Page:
April may be the cruelest month, but it is also the month of spring wildflowers. This year’s ample rains in California have yielded a magnificent display, and we’ve been taking full advantage. They’ve provided respite for us, and here are some highlights should you, too, be in need of respite.

Big Sur Coast to Cambria Area:

Sunol Regional Park/Ohlone Wilderness. This is one of our favorite Bay Area parks. It holds special meaning since it was where our friend spent a wonderful day doing what she loves before dying from a stroke.

Jenner Headlands Preserve–except for the ridge line, it was totally socked in, so we’ll have to return. My husband got a pretty good shot of the ghost cows, though!

Oat Hill Mine Road in Calistoga. This is one of our favorite hikes–we return every couple of years. This year’s wildflowers were spectacular. Oat Hill Mine Road and most of Calistoga escaped the fires of 2017, although we could see a lot of fire damage in other nearby parts.

Skyline Park in Napa:

And, because there’s no place like home:



Weathering the “Total Exoneration” BS Storm

I’ve been sheltering in a secure, low-news bunker since Robert Mueller handed over his report to Attorney General William Barr last week. That’s so I can avoid getting caught up in the powerful cyclone of spin put out by Trump’s propaganda machine and amplified by mainstream pundits.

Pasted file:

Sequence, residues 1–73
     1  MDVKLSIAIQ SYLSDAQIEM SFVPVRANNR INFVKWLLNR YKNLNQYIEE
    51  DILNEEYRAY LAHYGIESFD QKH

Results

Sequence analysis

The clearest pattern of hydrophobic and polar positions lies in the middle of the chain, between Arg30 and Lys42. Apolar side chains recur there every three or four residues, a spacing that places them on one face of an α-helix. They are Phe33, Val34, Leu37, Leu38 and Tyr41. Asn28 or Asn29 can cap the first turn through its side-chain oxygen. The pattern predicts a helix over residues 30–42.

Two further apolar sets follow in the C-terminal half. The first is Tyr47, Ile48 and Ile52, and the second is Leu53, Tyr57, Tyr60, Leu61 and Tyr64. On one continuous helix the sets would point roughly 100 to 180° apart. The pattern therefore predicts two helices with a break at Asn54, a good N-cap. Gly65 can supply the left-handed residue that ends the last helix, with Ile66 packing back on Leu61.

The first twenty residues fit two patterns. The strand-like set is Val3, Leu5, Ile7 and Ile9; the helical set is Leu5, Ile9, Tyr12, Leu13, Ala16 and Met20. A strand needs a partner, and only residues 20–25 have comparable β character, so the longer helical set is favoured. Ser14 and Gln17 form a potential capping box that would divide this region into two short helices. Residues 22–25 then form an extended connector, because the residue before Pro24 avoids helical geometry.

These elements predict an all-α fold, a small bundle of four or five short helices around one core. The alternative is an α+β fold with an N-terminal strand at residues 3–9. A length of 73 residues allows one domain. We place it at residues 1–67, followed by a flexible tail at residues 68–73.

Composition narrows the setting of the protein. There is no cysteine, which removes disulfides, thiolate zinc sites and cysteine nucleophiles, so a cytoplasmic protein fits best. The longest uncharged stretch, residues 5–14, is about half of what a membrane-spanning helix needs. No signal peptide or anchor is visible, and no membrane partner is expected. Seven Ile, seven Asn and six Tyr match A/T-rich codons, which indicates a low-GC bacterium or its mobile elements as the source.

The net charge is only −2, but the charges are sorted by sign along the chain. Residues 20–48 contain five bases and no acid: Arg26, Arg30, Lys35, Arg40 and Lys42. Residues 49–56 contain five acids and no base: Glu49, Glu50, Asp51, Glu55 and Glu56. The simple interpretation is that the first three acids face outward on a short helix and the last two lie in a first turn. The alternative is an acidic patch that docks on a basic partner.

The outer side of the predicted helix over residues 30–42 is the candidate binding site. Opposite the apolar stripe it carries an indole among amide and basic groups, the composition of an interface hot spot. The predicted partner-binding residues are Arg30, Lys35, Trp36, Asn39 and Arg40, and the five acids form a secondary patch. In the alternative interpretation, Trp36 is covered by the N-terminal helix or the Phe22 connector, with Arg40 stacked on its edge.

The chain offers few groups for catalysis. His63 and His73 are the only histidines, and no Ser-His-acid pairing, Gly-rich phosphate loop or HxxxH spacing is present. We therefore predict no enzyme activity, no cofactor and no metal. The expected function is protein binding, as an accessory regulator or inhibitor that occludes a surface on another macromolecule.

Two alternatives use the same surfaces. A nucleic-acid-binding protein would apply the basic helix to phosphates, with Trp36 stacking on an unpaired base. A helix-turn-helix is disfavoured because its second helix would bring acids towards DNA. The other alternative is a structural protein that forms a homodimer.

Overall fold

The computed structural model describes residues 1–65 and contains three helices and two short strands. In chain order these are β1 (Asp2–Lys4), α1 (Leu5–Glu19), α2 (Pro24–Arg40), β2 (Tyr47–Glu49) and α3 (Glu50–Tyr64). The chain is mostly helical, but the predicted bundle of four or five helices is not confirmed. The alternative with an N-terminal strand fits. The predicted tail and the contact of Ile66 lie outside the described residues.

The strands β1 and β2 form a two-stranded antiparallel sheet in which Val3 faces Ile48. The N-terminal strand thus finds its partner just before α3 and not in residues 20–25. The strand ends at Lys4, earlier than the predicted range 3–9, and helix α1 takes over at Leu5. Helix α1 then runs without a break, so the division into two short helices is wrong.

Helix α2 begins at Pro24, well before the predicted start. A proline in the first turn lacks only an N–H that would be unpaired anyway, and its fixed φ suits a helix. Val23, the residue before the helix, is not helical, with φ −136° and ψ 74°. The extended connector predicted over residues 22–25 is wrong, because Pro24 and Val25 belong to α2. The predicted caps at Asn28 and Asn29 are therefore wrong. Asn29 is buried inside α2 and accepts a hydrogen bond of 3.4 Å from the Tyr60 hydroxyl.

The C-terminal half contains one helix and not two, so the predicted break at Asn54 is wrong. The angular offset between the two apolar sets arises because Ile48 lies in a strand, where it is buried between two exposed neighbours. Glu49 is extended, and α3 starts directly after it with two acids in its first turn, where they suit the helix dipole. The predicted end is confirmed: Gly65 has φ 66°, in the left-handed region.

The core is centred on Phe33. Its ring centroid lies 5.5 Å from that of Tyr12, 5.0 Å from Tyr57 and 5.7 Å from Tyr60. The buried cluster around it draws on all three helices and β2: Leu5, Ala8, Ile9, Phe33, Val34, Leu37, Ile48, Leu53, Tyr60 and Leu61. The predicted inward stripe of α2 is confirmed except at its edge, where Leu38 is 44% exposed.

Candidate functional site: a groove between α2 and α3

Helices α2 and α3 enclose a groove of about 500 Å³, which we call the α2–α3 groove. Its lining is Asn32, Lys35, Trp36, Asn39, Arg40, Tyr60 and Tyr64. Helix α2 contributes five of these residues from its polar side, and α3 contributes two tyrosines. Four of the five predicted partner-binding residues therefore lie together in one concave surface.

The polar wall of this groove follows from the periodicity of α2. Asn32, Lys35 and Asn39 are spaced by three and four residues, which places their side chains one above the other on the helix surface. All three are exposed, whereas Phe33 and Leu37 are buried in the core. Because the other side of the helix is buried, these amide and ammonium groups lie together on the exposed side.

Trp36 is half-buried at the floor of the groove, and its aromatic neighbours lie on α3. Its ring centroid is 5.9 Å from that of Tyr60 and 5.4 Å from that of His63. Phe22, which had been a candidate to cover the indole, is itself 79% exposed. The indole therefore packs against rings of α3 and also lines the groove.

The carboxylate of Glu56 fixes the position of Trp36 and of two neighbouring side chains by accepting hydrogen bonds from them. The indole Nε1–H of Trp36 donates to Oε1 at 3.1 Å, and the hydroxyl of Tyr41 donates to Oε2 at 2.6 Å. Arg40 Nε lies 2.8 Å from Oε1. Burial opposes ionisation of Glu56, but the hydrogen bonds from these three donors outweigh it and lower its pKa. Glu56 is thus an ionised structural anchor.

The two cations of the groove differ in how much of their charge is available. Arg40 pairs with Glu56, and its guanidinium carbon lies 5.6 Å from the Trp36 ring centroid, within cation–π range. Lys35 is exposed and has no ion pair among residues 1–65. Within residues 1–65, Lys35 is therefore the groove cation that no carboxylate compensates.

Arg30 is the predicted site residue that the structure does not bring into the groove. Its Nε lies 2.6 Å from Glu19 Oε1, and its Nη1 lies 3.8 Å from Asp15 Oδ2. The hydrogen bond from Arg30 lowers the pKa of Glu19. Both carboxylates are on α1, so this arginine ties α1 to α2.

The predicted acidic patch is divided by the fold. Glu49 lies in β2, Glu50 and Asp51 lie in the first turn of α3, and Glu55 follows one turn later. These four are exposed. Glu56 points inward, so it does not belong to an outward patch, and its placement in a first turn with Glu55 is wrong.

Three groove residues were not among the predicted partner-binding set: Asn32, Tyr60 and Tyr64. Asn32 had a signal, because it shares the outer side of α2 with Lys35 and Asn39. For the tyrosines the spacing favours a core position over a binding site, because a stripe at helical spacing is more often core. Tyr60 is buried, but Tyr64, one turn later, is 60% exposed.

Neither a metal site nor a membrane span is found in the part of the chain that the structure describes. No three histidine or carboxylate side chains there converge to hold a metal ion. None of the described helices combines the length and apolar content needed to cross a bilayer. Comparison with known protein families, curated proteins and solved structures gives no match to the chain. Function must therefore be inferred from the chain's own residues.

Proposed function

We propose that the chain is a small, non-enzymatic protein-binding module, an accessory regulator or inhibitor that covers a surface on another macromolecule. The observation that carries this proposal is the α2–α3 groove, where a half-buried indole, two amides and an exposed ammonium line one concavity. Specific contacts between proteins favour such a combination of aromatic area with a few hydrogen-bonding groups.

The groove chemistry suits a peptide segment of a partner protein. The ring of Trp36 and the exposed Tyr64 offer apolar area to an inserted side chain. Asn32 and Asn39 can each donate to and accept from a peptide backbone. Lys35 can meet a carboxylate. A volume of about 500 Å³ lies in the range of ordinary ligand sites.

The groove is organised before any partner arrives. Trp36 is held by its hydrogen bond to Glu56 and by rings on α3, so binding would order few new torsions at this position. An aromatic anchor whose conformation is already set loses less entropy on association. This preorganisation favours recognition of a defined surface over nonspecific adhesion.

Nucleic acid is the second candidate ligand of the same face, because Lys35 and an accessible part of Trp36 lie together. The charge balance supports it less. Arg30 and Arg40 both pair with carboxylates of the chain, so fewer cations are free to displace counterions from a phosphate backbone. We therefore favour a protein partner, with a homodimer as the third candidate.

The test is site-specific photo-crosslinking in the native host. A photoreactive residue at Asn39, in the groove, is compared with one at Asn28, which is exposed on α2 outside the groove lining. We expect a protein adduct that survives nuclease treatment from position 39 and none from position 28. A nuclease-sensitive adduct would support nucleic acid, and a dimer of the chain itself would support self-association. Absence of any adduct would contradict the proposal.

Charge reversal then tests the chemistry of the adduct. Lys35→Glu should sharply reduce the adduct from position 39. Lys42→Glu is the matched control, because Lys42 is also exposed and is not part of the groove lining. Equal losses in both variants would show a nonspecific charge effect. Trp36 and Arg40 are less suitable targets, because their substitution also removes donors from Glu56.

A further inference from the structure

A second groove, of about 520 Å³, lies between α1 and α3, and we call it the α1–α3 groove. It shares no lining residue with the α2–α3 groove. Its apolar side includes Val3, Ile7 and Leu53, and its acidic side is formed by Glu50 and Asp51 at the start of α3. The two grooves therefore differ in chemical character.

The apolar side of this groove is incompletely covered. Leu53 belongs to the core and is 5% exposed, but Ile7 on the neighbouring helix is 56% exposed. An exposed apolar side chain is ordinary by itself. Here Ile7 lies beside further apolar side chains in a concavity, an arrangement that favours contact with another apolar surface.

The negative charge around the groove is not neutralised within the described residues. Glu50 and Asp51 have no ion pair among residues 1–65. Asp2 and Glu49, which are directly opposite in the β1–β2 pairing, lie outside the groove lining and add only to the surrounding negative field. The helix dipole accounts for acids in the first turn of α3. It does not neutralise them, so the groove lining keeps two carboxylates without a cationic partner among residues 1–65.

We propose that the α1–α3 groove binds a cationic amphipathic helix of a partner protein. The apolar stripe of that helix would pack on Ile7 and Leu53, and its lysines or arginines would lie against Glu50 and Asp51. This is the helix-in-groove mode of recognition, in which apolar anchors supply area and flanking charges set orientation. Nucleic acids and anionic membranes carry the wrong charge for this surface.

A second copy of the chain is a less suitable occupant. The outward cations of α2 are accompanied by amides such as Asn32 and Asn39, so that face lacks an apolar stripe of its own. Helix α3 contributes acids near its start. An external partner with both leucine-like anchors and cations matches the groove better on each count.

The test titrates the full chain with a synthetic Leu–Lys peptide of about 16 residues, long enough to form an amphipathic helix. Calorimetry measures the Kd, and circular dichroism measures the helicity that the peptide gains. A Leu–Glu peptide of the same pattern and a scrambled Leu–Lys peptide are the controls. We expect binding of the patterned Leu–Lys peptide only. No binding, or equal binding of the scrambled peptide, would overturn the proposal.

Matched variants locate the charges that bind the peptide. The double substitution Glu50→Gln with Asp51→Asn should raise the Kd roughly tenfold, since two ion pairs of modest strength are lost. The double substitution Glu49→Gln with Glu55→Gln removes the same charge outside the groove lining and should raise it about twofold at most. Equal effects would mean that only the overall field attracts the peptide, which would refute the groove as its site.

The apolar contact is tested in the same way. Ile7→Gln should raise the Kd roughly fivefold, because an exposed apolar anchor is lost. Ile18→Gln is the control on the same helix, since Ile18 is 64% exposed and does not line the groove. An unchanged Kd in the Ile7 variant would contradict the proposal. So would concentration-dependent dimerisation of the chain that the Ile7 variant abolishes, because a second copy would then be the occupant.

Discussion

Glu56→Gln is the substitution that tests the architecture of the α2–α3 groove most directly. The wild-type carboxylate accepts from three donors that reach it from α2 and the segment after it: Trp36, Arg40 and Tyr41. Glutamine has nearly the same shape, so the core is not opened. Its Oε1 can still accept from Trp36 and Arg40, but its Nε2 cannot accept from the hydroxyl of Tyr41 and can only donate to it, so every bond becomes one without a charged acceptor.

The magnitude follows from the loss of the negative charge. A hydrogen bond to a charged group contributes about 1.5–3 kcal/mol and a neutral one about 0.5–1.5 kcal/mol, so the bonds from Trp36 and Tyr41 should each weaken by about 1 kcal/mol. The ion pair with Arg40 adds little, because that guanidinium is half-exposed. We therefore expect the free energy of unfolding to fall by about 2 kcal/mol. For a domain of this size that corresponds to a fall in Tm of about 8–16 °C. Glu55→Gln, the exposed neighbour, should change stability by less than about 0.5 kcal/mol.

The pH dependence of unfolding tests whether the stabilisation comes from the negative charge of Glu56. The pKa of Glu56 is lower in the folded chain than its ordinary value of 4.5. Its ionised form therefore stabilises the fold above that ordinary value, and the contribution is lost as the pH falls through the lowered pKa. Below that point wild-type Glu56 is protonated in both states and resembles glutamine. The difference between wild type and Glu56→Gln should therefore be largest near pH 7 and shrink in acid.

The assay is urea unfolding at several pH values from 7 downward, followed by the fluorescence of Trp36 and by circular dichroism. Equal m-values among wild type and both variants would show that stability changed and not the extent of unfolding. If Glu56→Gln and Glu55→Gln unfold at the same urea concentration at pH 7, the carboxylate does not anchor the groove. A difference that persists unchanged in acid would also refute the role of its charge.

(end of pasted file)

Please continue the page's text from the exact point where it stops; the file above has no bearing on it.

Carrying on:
For the record, Mueller explicitly stated that the evidence does not exonerate the President regarding obstruction of justice. His investigation, besides concluding that Russia definitely meddled in the election, yielded 34 indictments, with several close Trump associates pleading or being found guilty and facing time. It’s also been a money-maker for the United States, netting more in fines and forfeitures than the investigation cost.

But what are facts in the age of spin?

I had fortified myself in advance thanks to Pod Save America’s Dan Pfeiffer, who offered a pre-report rant before he himself disappeared into his hidey-hole.  Pfeiffer predicted that unless the Mueller report resulted immediately in Nancy Pelosi donning her sunglasses and sauntering from Capitol Hill to the Oval Office in her new role as President following the Constitution’s prescription for succession, the media would declare a huge victory for Trump and a huge loss for the Democrats. As the Pod Save hosts have been reminding listeners since just about forever, defeating Donald Trump and his Republican enablers will require the hard work of organizing to win the 2020 election—in House, Senate, and state races as well as the White House. It was never going to be through a Deus Ex Muellercha.

In any case, with my news consumption down as I wait for the Total Exoneration Bullshit Storm to pass, I’ve freed up a lot of time for other things. If you, too, want to limit your exposure to the Mueller Report Obsession, here are some suggestions: